17 Apr 2015 was expansion night at Boardgamecafe.net, which was a good idea, because otherwise it would not have occurred to me to bring Ticket to Ride: Team Asia. This is, so far, the only team- based game in the Ticket to Ride series. I had played this as a 4-player game before, i.e. two teams of two. This was the first time I played a 6-player game, i.e. three teams.
In the team game, you cannot show your hand cards to your partner, who sits next to you. You can't communicate information about your cards. However you do have this shared rack on which you can place some ticket cards and train cards. This is your communication and sharing tool. At the start of the game, after choosing tickets, every player must simultaneously place one ticket onto his team rack. This allows partners to start communicating intentions and requests for help. In our game, my partner was Sinbad. When we placed our initial tickets onto the team rack, it was immediately obvious that we were in trouble. His ticket card (on the left) went from north to east. Mine (on the right) went from west to south. All four points of the compass!
Canton was a flurry of activity right from the get-go. It seemed every team had a ticket going to or passing through Canton.
Things were busier on the eastern half of the board in the early game. I had three tickets in my hand and all of them were for cities on the western half. So I was quite relaxed initially. My guess was Sinbad's tickets were mostly on the eastern half, so I tried to help him while I collected train cards for my own tickets. I tried to anticipate where he was trying to reach, and I laid down trains hoping I was extending the routes he was trying to take. This is something you don't get to experience in normal Ticket to Ride games. In this photo, we (green) had reached Peking (Beijing), all the way from Canton.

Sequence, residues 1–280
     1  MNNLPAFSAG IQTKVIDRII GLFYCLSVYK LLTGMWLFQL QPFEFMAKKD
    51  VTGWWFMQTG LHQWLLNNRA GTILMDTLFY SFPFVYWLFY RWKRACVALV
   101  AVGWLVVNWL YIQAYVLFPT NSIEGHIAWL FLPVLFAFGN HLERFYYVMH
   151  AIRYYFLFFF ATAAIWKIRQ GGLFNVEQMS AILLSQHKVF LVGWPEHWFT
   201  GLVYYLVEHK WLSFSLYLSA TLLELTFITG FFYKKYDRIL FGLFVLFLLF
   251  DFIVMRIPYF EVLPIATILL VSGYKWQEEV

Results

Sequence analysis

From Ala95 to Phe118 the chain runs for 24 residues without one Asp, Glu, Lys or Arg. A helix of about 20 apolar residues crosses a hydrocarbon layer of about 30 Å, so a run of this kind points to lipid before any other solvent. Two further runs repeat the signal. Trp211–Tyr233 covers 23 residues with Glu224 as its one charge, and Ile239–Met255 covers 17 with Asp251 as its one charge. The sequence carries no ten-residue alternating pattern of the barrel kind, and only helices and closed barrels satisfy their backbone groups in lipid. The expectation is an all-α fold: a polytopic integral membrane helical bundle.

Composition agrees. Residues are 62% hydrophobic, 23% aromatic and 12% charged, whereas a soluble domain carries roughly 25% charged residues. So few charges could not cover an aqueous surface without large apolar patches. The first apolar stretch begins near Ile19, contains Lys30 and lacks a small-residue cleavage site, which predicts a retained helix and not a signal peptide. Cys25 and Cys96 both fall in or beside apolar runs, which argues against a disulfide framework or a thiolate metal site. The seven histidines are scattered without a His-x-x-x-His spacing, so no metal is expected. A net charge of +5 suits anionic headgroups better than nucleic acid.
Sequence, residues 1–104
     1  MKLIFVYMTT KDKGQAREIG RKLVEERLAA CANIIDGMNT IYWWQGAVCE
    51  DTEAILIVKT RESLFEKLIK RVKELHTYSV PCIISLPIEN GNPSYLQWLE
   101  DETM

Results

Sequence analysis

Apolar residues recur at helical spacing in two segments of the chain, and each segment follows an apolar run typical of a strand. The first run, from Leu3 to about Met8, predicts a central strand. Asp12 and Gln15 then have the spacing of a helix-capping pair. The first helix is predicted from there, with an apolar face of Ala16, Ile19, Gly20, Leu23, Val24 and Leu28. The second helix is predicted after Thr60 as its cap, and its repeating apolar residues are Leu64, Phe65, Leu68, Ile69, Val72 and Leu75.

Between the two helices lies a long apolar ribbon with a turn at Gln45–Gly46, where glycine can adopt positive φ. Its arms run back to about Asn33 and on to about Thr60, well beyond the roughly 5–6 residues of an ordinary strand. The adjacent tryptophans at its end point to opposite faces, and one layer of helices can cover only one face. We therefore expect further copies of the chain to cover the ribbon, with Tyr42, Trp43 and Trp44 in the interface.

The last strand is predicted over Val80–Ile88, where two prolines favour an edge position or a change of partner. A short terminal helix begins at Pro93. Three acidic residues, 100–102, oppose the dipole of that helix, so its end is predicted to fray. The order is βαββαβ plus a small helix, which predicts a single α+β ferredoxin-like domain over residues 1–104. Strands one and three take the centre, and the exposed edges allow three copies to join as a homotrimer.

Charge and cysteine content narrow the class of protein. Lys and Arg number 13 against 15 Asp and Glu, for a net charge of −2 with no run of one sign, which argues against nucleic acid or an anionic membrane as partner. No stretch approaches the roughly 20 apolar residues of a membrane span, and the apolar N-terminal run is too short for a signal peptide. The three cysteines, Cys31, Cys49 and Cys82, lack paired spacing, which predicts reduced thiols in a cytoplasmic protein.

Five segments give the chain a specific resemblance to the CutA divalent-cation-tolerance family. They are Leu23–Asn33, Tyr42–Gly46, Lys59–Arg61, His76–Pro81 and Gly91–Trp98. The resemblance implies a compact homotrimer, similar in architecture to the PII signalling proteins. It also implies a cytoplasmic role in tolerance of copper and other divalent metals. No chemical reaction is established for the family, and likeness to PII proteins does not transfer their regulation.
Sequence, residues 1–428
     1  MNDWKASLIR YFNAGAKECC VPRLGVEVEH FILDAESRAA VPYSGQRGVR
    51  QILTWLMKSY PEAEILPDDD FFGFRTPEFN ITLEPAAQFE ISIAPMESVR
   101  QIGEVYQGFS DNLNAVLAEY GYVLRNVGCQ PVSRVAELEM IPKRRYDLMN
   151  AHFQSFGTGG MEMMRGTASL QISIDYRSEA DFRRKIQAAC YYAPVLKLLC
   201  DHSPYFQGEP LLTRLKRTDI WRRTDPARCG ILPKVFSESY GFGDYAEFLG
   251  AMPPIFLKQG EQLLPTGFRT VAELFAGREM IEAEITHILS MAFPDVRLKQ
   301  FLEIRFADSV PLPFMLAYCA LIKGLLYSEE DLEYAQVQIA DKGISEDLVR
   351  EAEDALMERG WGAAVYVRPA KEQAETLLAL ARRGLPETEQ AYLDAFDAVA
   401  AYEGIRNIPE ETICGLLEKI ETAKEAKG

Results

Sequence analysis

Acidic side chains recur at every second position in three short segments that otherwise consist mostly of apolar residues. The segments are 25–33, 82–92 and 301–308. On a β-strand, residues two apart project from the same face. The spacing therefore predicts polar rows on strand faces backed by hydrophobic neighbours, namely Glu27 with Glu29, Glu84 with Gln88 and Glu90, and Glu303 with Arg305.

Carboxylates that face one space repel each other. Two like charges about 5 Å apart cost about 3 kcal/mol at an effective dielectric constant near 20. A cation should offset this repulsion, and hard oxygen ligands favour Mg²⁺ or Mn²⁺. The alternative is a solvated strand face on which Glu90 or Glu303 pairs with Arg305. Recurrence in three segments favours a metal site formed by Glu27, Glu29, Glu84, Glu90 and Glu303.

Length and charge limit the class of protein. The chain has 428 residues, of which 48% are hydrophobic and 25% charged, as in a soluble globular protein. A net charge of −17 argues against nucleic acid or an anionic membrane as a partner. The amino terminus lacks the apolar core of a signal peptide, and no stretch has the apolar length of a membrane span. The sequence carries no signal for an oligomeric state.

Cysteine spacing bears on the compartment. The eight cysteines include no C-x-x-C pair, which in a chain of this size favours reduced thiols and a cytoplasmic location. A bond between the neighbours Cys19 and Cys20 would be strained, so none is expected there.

The western half of the board was starting to get busy now, and I was getting jittery. There were six different cities that I needed to reach in this area. Thankfully I did not get blocked. On the eastern half of the board, Sinbad and I (green) had reached Harbin now, at the top right corner. However we still needed to complete those two length-6 and length-7 routes along the northern edge. We needed to reach Dihua (modern day Urumqi). Completing long routes is not easy. We not only had to worry about whether another team would beat us to it, we also had to worry about whether we could collect the right train cards in time before the game ended. In the end, we did manage to make it. The long routes gave us many points. However we scored much fewer points in tickets compared to other teams. We were happy enough to have not failed in completing any ticket, despite the extreme locations we picked. Liv's team were the final champions.
The city of Lanchow was mentioned frequently in our game, because of how juvenile and crass we were (probably more me than others). Most Malaysians would understand this, especially if you are Chinese, and especially if you are Hokkien or Teochew. Sorry to the citizens of Lanchow.
The team mode in Ticket to Ride: Team Asia is quite fun. Something different, but without too much rules overhead. If you're a fan of the series, you should check it out. I like it with 6P more than with 4P. More competition and thus more exciting.